In this sequence, probably from the 1920s, several people take off in a bateau to search for clams in the marsh at low tide. The man preparing the boat may be Hobcaw Superintendent Jim Powell. Rowed into the marsh by a young boy, the boat soon runs aground and the passengers get out of the boat and dig for clams in the mud. The young woman in this sequence appears in several more of the home movies.
This home movie, most likely from the 1920s, begins with a group of people walking down the Hobcaw dock, led by Annie Baruch, in a black coat on the left. Belle Baruch follows her, with Bernard Baruch close behind. The others are unidentified, although the Old Relick can be seen in the background. The guests board the Baruch yacht, aided by African-American workers, and head across Winyah Bay to Georgetown. In the last sequence of the film some of them are getting on a train. The young woman from the clamming movie is seen at the train station.
In this clip we first see Annie Baruch emerging from a little shack on the beach. We can guess that this beach trip would have taken place sometime around the late 1920s to the early 1930s. Thanks to this unknown filmmaker, we see the group running around and having a good time together. As Annie, Belle and their guests enjoy the ocean breeze we get a glimpse into the shenanigans that the Hobcaw guests got into while visiting the Baruchs.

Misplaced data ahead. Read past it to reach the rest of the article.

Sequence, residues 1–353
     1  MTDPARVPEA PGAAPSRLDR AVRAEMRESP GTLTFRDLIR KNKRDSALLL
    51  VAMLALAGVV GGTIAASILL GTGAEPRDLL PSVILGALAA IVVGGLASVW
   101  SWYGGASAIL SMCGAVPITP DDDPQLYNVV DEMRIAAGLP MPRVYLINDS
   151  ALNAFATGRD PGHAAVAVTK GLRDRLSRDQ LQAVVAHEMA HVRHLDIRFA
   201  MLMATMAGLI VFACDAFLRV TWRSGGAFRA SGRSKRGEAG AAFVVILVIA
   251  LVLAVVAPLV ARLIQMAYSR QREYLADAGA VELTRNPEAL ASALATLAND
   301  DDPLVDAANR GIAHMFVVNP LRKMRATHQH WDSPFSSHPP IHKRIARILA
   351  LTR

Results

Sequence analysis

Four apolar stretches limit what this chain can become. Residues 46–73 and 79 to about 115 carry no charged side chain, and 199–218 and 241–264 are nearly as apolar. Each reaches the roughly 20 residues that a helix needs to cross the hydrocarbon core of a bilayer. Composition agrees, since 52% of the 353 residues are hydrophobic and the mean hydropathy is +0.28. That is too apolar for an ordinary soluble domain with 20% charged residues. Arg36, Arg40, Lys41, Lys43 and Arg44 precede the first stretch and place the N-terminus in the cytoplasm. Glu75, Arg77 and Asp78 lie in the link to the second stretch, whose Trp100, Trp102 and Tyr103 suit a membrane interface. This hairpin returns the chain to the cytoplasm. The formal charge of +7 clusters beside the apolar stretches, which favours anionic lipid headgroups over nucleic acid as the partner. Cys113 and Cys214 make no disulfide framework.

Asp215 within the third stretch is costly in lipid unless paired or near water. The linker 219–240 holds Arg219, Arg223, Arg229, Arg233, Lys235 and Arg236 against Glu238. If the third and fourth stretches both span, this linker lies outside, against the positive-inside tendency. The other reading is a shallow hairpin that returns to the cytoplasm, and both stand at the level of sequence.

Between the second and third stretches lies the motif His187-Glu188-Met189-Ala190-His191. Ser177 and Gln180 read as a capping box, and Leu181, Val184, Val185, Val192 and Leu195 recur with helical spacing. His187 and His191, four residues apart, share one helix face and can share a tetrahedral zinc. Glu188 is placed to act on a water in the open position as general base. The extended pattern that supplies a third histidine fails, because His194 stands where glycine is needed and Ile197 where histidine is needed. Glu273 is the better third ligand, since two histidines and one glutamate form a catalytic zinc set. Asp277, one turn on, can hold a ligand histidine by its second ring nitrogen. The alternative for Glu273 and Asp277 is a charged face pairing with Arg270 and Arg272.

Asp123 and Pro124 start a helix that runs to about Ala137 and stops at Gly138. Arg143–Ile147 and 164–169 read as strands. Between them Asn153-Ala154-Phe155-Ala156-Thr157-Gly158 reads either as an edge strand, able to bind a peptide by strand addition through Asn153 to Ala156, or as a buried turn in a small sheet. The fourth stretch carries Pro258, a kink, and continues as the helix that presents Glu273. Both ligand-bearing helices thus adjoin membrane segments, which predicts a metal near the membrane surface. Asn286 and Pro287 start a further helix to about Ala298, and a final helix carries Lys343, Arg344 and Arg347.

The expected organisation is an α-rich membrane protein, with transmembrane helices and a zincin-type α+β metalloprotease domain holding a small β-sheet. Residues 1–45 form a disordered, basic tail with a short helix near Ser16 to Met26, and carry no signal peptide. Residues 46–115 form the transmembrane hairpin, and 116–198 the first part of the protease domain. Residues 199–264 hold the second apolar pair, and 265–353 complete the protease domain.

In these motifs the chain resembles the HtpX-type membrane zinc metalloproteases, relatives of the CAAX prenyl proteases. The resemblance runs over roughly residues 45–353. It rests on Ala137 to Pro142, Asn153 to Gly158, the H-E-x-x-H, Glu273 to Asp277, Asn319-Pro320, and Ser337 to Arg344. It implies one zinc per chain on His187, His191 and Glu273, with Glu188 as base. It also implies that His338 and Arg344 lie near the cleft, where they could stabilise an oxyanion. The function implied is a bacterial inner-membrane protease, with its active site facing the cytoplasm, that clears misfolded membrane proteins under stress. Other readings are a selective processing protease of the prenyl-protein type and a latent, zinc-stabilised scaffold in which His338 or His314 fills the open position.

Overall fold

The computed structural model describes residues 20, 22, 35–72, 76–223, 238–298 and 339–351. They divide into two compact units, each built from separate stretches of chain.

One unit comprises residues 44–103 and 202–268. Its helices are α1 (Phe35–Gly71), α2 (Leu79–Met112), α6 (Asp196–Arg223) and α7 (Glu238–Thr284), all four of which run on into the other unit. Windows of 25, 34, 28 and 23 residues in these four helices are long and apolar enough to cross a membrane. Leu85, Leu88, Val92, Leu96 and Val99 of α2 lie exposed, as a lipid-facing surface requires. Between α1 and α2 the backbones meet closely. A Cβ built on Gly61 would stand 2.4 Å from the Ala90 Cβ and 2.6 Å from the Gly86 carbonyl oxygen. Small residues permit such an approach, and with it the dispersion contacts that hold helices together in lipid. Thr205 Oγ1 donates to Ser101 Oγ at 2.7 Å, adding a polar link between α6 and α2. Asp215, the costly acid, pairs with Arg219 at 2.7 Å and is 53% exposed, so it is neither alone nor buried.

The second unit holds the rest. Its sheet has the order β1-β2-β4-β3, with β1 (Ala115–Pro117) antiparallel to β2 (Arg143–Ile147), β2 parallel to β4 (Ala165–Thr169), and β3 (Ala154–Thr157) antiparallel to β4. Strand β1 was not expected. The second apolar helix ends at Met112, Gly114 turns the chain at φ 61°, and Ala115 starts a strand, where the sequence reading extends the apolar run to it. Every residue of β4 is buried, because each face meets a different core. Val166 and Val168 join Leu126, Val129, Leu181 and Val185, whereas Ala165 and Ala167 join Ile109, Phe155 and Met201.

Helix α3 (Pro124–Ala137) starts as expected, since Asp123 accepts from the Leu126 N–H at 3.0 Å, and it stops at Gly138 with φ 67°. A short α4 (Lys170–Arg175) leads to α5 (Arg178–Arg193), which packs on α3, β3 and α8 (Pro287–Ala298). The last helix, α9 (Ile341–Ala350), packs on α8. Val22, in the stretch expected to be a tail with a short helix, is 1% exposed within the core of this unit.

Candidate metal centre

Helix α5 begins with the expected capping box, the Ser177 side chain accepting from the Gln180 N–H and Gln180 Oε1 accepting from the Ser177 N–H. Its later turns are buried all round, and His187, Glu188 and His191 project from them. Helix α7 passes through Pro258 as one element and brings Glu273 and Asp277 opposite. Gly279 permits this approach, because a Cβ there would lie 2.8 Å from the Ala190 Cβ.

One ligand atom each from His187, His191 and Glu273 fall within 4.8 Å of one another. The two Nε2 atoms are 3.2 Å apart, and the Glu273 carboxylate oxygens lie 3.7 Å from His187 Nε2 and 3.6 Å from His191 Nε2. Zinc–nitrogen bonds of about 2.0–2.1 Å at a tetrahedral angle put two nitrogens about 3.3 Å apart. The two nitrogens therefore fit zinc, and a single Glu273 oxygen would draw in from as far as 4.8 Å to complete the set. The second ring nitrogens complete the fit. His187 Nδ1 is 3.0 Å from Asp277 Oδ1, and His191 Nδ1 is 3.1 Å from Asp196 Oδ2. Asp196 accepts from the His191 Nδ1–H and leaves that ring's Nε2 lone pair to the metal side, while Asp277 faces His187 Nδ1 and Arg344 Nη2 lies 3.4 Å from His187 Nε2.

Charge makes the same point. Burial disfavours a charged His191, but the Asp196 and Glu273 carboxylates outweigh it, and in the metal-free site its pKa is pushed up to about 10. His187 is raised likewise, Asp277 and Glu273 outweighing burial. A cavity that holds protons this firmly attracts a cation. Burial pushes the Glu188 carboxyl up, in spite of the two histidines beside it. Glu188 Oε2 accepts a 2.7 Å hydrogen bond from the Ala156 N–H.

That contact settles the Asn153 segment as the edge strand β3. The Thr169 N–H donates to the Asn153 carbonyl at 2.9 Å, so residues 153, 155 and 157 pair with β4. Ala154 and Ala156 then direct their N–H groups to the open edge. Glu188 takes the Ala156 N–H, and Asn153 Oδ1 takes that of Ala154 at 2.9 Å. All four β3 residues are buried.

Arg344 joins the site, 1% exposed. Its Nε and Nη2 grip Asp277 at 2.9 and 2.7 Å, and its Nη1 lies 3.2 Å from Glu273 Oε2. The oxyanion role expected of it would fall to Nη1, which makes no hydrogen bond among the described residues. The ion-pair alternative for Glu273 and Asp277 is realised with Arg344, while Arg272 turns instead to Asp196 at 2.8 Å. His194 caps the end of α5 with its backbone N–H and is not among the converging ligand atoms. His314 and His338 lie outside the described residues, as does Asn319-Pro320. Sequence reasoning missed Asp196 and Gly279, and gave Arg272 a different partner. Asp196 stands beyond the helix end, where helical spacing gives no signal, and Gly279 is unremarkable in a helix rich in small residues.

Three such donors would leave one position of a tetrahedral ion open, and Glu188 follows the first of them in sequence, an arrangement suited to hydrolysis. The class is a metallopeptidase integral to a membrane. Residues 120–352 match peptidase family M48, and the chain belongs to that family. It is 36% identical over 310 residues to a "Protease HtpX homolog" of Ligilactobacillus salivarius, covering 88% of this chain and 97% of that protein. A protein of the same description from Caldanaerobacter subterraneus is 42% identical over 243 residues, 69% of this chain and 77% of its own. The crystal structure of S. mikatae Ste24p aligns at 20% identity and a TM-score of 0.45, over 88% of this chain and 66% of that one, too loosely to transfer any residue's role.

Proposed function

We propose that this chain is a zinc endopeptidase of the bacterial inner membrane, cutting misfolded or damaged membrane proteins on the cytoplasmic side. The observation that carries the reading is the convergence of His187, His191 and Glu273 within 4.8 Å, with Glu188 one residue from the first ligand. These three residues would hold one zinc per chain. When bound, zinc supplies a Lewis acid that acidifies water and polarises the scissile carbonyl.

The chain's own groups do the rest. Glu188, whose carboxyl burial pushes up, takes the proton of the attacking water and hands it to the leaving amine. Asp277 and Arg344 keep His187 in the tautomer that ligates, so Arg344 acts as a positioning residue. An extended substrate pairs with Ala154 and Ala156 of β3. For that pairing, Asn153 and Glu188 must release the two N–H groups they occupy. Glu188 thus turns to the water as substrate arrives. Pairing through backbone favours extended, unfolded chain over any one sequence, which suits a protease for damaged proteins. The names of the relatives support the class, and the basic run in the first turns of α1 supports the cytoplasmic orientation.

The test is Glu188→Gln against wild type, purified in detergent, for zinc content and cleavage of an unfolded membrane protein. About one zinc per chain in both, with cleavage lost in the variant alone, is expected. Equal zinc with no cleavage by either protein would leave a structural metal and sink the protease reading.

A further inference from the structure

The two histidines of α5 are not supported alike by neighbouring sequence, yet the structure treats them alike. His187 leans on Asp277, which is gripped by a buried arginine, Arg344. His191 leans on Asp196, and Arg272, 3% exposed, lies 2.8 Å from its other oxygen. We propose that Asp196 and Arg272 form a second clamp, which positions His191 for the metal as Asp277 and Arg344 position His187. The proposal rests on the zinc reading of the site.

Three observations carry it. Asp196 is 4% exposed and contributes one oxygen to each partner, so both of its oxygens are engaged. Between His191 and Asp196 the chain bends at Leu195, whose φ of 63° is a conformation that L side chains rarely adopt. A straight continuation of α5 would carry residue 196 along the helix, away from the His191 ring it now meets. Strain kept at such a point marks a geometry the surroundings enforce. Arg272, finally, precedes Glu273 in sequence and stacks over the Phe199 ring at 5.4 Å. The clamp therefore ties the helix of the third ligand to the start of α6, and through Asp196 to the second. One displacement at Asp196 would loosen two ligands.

In this 1920s clip we see the Hobcaw guests enjoy a little pretend wedding ceremony on the beach. Renee Baruch is the “bride” getting married to an unknown bachelor. The “bridesmaid” in the striped socks carrying Renee’s train is Lois Massey, a family employee and friend. After what seems to be having a little too much to drink, the couple and their wedding guests enjoy a windy day on the beautiful beach at Hobcaw.
In this clip, probably from the 1920s, we see several Hobcaw guests learning how to shoot a gun. Hobcaw was very popular with hunters, so much so that eventually Belle would fly over the property daily to check for poachers. Guests of the Baruchs who might not have been familiar with guns would have been surrounded by experienced hunters. In the beginning of this clip we see Jim Powell teaching some of the guests how to shoot. Powell was the superintendent of Hobcaw for many years during the Baruch era. We can see that these guests benefitted from his expertise by taking tips on how to properly handle a gun.